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FIGURE 3. Although the luminous power of LED-based designs may be similar to halogen or metal halide illumination systems, their spectral characteristics are very different. The halogen lamp exhibits an emission peak in the yellow range of visible light; emission peaks occur in both the blue and yellow region in LED sources.

In many LED-based illumination sources, emission peaks occur in both the blue and yellow region. As can be seen, the emission peak in the blue range is the main differentiating factor between the spectral characteristics of LED and halogen sources. This difference can have a major impact when measuring the performance of a lens, since replacing a halogen light source with an LED source will cause a significant chromatic aberration of blue light. To overcome these limitations and allow LED illumination products to emulate their halogen-based counterparts, optical filters can be used to partially reduce the amount of light in the blue range of light emitted from the white LED.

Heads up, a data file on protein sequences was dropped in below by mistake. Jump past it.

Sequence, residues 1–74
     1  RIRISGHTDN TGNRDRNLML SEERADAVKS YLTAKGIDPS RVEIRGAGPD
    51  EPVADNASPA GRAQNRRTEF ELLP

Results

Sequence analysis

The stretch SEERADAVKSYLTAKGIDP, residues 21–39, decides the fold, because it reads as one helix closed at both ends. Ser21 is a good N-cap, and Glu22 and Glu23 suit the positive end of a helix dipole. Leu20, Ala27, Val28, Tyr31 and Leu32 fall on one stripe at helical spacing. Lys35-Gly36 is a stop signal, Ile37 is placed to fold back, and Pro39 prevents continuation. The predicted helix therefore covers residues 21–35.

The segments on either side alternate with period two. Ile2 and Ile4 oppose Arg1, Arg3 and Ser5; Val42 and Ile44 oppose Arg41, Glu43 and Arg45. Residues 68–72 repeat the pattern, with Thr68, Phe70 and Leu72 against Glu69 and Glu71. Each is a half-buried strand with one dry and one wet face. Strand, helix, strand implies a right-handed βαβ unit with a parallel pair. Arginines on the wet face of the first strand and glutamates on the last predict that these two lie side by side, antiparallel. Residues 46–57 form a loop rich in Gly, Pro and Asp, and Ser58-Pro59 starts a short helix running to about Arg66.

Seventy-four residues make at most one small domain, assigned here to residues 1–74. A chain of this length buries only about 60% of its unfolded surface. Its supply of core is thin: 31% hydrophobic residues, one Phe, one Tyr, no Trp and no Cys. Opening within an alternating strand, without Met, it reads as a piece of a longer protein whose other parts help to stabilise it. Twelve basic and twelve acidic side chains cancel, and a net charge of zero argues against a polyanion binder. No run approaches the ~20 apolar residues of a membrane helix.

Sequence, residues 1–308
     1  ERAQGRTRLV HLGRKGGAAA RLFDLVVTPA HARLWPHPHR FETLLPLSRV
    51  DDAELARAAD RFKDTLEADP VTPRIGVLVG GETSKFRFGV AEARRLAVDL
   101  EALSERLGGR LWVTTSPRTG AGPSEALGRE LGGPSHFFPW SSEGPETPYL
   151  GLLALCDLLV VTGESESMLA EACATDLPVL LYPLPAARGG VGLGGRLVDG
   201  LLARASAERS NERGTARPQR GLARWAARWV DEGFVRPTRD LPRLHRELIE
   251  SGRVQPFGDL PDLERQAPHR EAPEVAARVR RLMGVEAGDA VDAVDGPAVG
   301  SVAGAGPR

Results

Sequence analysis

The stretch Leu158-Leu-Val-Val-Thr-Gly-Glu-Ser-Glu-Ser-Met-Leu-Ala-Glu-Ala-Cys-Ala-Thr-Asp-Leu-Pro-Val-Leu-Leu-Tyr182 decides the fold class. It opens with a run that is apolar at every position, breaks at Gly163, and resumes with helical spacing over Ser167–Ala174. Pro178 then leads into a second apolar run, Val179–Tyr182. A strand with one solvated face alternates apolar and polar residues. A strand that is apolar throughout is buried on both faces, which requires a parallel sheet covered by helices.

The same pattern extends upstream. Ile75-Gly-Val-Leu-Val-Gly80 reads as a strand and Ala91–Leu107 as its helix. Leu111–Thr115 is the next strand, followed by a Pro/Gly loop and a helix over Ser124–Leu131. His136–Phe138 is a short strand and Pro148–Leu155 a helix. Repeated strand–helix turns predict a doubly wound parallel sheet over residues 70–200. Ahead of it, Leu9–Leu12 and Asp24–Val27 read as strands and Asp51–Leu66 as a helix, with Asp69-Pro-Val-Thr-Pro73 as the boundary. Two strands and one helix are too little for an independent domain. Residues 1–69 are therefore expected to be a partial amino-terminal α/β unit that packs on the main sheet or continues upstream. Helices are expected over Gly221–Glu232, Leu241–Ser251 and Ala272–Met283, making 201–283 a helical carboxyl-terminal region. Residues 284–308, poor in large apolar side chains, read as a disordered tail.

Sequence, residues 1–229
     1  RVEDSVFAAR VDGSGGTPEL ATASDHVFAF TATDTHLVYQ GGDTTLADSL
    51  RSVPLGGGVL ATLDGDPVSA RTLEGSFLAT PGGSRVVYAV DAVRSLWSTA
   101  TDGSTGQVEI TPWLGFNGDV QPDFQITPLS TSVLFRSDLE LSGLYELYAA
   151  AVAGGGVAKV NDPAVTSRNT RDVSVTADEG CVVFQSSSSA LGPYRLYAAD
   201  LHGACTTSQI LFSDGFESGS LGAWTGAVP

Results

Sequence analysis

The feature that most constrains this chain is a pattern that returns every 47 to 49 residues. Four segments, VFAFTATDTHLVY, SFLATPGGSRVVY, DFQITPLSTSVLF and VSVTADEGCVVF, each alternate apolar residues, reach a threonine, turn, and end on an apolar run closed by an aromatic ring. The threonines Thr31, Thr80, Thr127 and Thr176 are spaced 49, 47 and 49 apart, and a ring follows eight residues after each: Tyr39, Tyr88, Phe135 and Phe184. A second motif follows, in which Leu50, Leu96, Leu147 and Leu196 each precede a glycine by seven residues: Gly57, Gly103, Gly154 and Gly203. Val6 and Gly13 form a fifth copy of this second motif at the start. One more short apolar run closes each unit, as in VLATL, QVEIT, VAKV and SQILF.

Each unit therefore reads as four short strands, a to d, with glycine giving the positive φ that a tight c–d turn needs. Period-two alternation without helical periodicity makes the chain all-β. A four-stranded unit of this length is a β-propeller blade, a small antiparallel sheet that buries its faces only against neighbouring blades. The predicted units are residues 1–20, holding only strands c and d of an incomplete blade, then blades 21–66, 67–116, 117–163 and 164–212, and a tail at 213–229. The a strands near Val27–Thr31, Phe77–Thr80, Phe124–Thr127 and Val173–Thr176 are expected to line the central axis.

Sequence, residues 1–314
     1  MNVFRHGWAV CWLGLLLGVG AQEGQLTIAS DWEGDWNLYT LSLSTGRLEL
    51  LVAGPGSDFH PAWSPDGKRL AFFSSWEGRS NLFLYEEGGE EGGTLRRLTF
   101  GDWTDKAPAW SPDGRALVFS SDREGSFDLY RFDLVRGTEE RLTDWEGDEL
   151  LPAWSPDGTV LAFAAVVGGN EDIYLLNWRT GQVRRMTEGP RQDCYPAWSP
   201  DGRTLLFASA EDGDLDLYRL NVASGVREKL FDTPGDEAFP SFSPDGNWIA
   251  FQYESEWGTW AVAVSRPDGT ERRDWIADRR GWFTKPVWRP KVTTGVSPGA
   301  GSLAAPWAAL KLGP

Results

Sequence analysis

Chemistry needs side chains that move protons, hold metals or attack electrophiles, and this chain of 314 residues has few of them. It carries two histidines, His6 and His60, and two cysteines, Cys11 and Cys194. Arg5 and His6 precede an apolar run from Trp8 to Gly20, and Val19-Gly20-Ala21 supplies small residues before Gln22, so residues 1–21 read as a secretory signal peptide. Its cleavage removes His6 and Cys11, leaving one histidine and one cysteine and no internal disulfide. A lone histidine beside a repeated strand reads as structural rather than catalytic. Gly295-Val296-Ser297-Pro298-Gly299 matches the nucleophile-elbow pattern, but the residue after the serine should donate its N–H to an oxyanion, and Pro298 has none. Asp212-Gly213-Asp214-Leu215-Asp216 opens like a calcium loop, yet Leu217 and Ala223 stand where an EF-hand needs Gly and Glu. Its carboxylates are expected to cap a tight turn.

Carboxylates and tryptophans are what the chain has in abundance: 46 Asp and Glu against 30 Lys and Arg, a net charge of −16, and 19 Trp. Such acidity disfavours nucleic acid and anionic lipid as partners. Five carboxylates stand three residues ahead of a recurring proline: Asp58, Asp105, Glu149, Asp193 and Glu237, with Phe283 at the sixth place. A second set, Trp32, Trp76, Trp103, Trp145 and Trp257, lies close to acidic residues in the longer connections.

Fluorescence microscopy

In applications such as fluorescence microscopy, specimens may be illuminated by light of specific wavelengths that is absorbed by a fluorescent molecule or fluorophore, which then emits light of a higher wavelength than the absorbed light. In the past, mercury and xenon lamp-based light sources were used to illuminate these samples. However, these required mechanical shutters and filters to deliver the correct amount of light for a specific time period and frequency. Furthermore, should a particular sample require multiple narrow-based illumination, filter cubes or wheels must be attached to the microscope.

Because of this, companies such as Zeiss and 89 North have LED-based illumination systems that eliminate the need for electromechanical shutters, color cubes, and filters. Zeiss’s Colibri system allows the user to choose from 10 LED modules that range from UV through to dark red and allow the operator to combine the spectral output of four individual modules at once (see “Light Pipes,” Vision Systems Design, April 2008).